Before COVID-19, there was a growing consensus that the circular economy was a pathway to long-term prosperity. Rather than pushing the circular economy off the agenda, the pandemic has made it more relevant than ever. By highlighting the fragility of our current system, the pandemic has reinforced the need to rethink our economic model. As well as providing a clear framework to help achieve the goals of the Paris Agreement, the circular economy can provide a resilient economic recovery that can work in the long term, unlike any plan entrenched in the take-make-waste principles of the current linear economy. The circular economy can create greater resilience to shocks in industry and society — attributes valuable well beyond the current situation.
Others are thinking along similar lines. The circular economy is on the agendas of some of the world’s largest businesses, including those responsible for 20 percent of the world’s plastic packaging, which have signed the Global Commitment to put in place a circular economy for plastic. Governments around the world are making steps to facilitate the transition through legislation, not least in the EU where the circular economy is a key element of the European Green Deal and a new circular economy action plan has been adopted.
The old ways of doing business — which rely on extraction, waste, pollution and habitat loss — have had their time.
The circular economy offers an attractive path forward as it creates value and growth in ways that benefit customers, businesses, society and the environment. It is a systems solution framework with three principles, driven by design and innovation: eliminate waste and pollution; keep products and materials in use; and regenerate natural systems.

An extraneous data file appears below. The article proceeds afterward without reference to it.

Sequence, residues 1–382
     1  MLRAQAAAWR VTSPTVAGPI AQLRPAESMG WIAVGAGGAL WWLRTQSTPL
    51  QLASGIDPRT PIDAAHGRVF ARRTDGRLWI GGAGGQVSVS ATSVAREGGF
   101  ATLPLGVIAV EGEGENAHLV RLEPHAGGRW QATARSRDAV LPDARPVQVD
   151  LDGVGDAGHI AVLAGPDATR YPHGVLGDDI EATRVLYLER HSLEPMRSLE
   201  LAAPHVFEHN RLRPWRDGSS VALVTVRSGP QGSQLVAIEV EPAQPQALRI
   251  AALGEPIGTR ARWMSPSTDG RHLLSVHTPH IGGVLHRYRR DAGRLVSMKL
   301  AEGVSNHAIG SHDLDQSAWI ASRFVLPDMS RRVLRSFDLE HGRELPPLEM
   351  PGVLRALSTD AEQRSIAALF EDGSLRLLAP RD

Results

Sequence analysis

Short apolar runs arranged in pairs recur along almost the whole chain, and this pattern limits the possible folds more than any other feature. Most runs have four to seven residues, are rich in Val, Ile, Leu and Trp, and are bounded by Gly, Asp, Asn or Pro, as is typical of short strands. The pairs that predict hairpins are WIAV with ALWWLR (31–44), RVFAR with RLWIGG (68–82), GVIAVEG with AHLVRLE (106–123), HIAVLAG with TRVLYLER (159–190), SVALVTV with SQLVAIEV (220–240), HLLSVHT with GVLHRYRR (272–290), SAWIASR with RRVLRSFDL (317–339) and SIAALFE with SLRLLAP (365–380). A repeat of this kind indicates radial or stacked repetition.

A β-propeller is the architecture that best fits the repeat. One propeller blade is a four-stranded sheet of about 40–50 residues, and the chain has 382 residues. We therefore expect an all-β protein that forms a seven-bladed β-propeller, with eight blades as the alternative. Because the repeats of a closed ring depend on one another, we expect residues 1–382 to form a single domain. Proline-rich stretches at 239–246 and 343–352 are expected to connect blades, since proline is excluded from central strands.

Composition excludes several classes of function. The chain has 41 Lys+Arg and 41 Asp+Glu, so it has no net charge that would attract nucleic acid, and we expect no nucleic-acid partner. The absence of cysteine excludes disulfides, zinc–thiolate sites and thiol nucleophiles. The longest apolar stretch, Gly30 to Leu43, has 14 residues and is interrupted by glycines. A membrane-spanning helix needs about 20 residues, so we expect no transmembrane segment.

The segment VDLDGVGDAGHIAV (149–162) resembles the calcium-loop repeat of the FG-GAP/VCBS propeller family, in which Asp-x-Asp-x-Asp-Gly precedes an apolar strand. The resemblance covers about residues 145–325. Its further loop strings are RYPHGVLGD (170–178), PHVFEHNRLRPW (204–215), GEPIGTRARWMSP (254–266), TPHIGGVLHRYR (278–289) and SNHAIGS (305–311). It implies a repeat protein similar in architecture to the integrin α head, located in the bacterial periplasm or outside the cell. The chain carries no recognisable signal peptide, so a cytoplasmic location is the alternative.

For example, keeping construction materials in use can significantly reduce the climate impact of this sector. The processing of recycled aggregates, for example, generates 40 percent less greenhouse gas emissions than that of virgin aggregates. In the transport sector, multimodal mobility systems, if also designed for durability, reduce global CO2 emissions by 70 percent or 0.4 billion metric tons of CO2 in 2040. In the food system, applying circular economy principles could reduce annual greenhouse gas emissions by 4.3 billion tonnes of CO2 equivalent, comparable to taking nearly all 1 billion cars in the world off the road permanently.
Now could be a crucial moment to embed circular economy principles in government NDCs. Because of the pandemic, the role of governments and public bodies has grown at an unprecedented rate — at least in times of peace. The sheer scale of government spending and the visibility of the state in taking control of many aspects of public life could result in broader public acceptance of government intervention. Coupled with an increased public awareness of the threat of climate change, the result may be governments having both the power and the political will to dramatically shift our global trajectory on climate.
This could mean that international accords such as the Paris Agreement hold more weight than before. Therefore, in order to tackle climate change in a holistic way and act not only on the energy transition and efficiency side, but to look at the whole spectrum of emissions, it is time to put the circular economy at the heart of the efforts to mitigate climate change.
The five-year anniversary of the Paris Climate Agreement couldn’t come at a more pivotal point. With COVID-19 vaccines being rolled out, and nations around the world clamoring to recover from the pandemic’s economic shock, the time is ripe for a system rethink. The old ways of doing business — which rely on extraction, waste, pollution and habitat loss — have had their time. Can the shift to a net zero emission circular economy, which has steadily been building momentum in recent years, be accelerated into a full-blown system overhaul? With the reset button firmly pushed on the global economy, now could be our chance to turn things around, to lay the foundations for a new and better system that can work in the long term.